Professor Stephen E. Sachs has been elected to membership in the American Law Institute (ALI).
ALI members are distinguished lawyers, judges, and legal academics who produce scholarly work to clarify, modernize, and otherwise improve the law through publication of the highly influential Restatements of the Law, model statutes, and principles of law. Sachs, a scholar of civil procedure, constitutional law, Anglo-American legal history, and conflict of laws, is one of 58 individuals whose election to membership was announced by the ALI on Jan. 9, following their confidential nomination, vetting, and election by the ALI Council.
“I have the great luck of welcoming each class of new members,” said ALI President Roberta Cooper Ramo in a statement. “Each group of lawyers, accomplished in their own fields and professions, brings new experience and new perspectives to our work of clarifying the law.”
Sachs joined the Duke Law faculty in 2011 after practicing in the litigation group of Mayer Brown LLP in Washington, D.C. He clerked for Chief Justice John G. Roberts Jr. during the 2009-2010 Supreme Court term. He clerked for Judge Stephen F. Williams on the U.S. Court of Appeals for the D.C. Circuit in 2007-2008, prior to joining Mayer Brown.
Sachs's research spans a variety of substantive topics, focusing on the history of procedure and private law and its implications for current disputes. His research interests include federal jurisdiction, constitutional interpretation, sovereign immunity, and the legal status of corporations. At Duke, he teaches Civil Procedure, Conflict of Laws, and seminars on constitutional law.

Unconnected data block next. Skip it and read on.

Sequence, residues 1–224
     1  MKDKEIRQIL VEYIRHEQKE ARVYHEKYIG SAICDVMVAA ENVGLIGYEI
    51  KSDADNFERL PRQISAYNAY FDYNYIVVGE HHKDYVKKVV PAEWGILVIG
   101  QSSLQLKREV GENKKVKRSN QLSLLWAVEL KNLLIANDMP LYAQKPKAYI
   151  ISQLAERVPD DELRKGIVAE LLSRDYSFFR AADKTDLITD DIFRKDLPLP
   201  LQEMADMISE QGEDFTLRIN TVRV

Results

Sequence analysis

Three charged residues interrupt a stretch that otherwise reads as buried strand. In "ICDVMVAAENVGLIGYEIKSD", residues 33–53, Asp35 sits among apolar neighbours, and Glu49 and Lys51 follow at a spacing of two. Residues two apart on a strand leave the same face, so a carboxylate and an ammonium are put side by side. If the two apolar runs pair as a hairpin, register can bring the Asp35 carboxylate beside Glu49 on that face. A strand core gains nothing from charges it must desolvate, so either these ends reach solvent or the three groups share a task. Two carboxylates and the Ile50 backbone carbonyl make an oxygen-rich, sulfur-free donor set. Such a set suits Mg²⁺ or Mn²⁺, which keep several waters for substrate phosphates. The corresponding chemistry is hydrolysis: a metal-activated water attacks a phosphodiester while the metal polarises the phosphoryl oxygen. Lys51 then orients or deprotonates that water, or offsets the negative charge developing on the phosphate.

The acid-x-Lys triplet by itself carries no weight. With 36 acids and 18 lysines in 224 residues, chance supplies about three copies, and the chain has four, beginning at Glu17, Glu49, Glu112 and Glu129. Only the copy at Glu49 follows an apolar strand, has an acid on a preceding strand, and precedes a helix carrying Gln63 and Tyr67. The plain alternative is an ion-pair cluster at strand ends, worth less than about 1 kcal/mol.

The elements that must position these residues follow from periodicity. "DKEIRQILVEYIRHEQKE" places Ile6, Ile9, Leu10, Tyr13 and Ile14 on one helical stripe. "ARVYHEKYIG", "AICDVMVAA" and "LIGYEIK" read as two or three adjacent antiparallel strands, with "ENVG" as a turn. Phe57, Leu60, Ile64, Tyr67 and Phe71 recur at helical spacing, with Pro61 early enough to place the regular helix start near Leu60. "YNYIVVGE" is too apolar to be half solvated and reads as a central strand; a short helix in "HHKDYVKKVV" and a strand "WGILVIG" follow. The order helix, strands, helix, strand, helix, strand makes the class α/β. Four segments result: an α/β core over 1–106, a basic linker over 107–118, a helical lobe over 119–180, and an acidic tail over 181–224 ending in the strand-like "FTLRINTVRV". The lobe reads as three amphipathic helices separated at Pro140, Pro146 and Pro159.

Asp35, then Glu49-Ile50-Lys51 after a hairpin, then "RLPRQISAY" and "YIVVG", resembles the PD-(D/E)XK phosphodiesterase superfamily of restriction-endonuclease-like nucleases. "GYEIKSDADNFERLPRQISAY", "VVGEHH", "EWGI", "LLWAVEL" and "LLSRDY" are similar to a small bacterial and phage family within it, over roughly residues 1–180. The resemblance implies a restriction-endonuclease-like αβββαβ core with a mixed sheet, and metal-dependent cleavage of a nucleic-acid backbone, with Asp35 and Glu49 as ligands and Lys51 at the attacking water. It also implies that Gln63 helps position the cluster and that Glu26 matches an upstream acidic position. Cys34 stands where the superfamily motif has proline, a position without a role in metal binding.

He is a member of the Judicial Conference’s Advisory Committee on Appellate Rules and an adviser to the ALI’s project on the Restatement of the Law (Third), Conflict of Laws.
In June 2013, Sachs wrote an amicus brief to the Supreme Court on forum selection agreements in civil cases. The Court ordered the parties to be prepared to address the brief, which was discussed at oral argument and in the Court's opinion. The brief was later named among the "Exemplary Legal Writing of 2013" by The Green Bag Almanac & Reader, a legal journal.
Sachs received his A.B. summa cum laude in history from Harvard University in 2002, graduating first in his class and winning the Sophia Freund Prize. He was a Rhodes Scholar, graduating from Oxford University in 2004 with a first-class BA (Hons) degree in politics, philosophy, and economics. He received his J.D. in 2007 from Yale Law School, where he was executive editor of the Yale Law Journal and served both as executive editor and articles editor of the Yale Law & Policy Review.
He is a licensed attorney in Massachusetts and the District of Columbia, and he is authorized to practice before the D.C. Circuit, the Seventh Circuit, and the Supreme Court of the United States.
Twenty-six Duke Law faculty scholars and more than 50 alumni have been elected members of ALI. Dean David F. Levi will become president of the organization in May.